Acesulfame Potassium, or acesulfame-K has a structure that's similar to saccharin. The letter K stands for potassium. It's not toxic and is not a source of dietary potassium -- after it's absorbed, almost all the acesulfame-K molecules remain unchanged and are excreted in the urine.
Acesulfame-K is heat-stable so it can be used for cooking. It's been approved for general use in foods and is found in many food products worldwide.
Sucralose and aspartame are more popular in US, but acesulfame-K is found worldwide. Sunett and Sweet One are two brands. It's about 150 to 200 times sweeter than sugar, so very little is needed to sweeten foods. Acesulfame-K adds no calories to foods.
It' has been blamed for causing tumors in rats. However, the overwhelming majority of studies show it to be safe. In fact, acesulfame-K has been shown to be safe in more than 90 studies by the FDA and the Food and Agriculture Organization/World Health Organization (FAO/WHO) Joint Expert Committee on Food Additives.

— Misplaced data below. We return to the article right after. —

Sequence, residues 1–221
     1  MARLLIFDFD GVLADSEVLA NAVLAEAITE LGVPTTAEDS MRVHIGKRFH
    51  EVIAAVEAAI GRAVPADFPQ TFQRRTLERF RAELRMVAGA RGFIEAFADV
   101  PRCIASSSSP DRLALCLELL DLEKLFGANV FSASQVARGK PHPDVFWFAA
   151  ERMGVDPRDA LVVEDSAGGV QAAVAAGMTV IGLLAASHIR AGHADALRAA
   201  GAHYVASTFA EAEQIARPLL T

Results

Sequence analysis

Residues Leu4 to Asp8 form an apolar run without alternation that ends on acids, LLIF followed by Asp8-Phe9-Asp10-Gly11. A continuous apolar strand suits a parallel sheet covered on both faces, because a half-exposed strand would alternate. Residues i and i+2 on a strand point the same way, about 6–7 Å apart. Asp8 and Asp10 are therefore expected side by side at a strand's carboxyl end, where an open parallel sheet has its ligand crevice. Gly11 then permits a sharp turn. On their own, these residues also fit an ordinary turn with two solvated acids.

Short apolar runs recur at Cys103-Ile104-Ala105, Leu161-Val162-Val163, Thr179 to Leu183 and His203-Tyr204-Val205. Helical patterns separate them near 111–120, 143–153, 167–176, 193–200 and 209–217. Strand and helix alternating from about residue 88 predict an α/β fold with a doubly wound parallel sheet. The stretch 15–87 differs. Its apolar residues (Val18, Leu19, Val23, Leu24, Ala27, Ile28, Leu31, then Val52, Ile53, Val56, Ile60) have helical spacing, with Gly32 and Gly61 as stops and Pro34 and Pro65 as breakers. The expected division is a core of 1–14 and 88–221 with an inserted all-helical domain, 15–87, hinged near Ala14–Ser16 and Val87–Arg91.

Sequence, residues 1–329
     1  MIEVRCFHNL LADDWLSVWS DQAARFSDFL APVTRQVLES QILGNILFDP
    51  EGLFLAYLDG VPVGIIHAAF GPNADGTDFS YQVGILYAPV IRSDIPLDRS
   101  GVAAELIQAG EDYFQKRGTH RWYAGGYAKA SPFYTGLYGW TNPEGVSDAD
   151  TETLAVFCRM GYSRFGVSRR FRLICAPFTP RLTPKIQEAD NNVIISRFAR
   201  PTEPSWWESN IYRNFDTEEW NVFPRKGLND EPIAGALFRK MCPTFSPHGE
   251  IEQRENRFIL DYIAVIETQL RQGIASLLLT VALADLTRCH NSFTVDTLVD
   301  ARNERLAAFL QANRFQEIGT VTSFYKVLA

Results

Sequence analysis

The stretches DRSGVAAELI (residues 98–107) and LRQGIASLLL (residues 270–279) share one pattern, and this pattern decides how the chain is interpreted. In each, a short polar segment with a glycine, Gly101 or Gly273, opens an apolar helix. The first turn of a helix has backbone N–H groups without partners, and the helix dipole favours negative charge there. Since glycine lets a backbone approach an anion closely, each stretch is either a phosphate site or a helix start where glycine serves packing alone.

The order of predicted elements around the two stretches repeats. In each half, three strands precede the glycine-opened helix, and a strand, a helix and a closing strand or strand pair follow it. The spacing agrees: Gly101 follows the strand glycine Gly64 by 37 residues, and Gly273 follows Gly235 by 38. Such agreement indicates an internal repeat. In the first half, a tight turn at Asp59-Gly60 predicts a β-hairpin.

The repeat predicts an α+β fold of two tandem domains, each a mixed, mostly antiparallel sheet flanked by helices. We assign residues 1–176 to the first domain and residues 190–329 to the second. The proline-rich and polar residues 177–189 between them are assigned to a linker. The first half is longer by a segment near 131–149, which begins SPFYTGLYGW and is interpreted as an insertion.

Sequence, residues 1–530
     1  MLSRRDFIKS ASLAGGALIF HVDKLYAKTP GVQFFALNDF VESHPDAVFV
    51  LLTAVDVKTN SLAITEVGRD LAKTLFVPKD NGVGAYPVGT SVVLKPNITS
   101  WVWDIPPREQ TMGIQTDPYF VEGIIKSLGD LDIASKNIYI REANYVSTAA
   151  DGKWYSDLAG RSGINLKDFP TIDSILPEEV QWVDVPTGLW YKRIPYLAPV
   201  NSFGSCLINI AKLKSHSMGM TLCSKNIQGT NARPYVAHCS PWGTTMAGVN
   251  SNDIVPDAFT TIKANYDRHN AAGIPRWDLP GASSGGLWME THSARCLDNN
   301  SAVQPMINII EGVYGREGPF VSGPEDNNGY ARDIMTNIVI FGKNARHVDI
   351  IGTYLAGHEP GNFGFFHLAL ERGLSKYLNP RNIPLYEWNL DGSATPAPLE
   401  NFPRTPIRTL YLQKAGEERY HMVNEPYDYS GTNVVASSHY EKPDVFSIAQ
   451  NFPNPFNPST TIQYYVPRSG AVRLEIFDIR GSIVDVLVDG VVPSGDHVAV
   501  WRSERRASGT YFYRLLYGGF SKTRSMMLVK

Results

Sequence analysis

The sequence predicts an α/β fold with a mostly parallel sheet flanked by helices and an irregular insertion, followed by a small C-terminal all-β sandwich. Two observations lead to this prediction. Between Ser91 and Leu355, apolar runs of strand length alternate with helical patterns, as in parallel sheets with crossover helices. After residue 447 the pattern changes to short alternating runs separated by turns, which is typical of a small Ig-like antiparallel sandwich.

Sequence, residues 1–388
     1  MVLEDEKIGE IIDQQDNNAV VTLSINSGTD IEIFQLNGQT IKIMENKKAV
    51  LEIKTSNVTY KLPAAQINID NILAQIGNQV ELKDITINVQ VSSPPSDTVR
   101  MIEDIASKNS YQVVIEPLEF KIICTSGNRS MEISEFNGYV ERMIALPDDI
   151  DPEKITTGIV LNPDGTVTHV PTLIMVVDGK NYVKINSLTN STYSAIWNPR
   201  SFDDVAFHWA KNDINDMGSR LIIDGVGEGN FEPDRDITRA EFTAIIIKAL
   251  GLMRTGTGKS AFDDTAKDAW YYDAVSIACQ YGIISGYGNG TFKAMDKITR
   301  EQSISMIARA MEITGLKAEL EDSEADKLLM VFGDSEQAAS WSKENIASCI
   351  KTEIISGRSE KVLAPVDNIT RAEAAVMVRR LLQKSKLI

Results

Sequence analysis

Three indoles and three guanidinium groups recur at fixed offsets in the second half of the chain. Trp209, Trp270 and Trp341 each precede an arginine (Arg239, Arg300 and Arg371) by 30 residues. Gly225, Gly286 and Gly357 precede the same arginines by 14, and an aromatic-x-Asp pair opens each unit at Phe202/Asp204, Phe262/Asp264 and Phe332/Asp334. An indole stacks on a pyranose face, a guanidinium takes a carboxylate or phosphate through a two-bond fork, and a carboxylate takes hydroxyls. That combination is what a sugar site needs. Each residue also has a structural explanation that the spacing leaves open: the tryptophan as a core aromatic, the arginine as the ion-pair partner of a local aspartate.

The Academy of Nutrition and Dietetics considers acesulfame-K safe when used as part of a healthy eating plan.
Other No-Calorie Sweeteners
Academy of Nutrition and Dietetics. "Position of the Academy of Nutrition and Dietetics: appropriate use of nutritive and non-nutritive sweeteners." J Am Diet Assoc. 2004 Feb;104(2):255-275.
United States Food and Drug Administration. "Artificial Sweeteners: No Calories ... Sweet!" July 2006.